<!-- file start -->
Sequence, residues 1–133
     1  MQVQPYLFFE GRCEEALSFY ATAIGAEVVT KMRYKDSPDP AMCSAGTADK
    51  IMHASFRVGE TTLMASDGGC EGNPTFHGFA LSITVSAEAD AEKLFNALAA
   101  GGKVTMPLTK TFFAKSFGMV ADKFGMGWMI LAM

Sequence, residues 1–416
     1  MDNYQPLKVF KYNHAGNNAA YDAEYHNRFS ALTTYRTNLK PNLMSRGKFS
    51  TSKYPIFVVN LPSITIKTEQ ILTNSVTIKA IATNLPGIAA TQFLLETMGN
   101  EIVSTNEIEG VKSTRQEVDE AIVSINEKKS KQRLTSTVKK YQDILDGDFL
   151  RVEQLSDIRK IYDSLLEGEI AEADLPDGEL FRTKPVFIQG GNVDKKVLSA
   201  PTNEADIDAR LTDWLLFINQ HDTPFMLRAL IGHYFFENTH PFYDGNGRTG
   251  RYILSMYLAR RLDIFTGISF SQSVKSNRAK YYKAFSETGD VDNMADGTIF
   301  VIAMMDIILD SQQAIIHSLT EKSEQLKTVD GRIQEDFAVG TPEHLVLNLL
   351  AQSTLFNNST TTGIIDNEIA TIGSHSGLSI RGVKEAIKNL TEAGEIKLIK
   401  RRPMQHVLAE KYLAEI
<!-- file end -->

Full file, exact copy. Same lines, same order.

Sequence, residues 1–133
     1  MQVQPYLFFE GRCEEALSFY ATAIGAEVVT KMRYKDSPDP AMCSAGTADK
    51  IMHASFRVGE TTLMASDGGC EGNPTFHGFA LSITVSAEAD AEKLFNALAA
   101  GGKVTMPLTK TFFAKSFGMV ADKFGMGWMI LAM

Sequence, residues 1–416
     1  MDNYQPLKVF KYNHAGNNAA YDAEYHNRFS ALTTYRTNLK PNLMSRGKFS
    51  TSKYPIFVVN LPSITIKTEQ ILTNSVTIKA IATNLPGIAA TQFLLETMGN
   101  EIVSTNEIEG VKSTRQEVDE AIVSINEKKS KQRLTSTVKK YQDILDGDFL
   151  RVEQLSDIRK IYDSLLEGEI AEADLPDGEL FRTKPVFIQG GNVDKKVLSA
   201  PTNEADIDAR LTDWLLFINQ HDTPFMLRAL IGHYFFENTH PFYDGNGRTG
   251  RYILSMYLAR RLDIFTGISF SQSVKSNRAK YYKAFSETGD VDNMADGTIF
   301  VIAMMDIILD SQQAIIHSLT EKSEQLKTVD GRIQEDFAVG TPEHLVLNLL
   351  AQSTLFNNST TTGIIDNEIA TIGSHSGLSI RGVKEAIKNL TEAGEIKLIK
   401  RRPMQHVLAE KYLAEI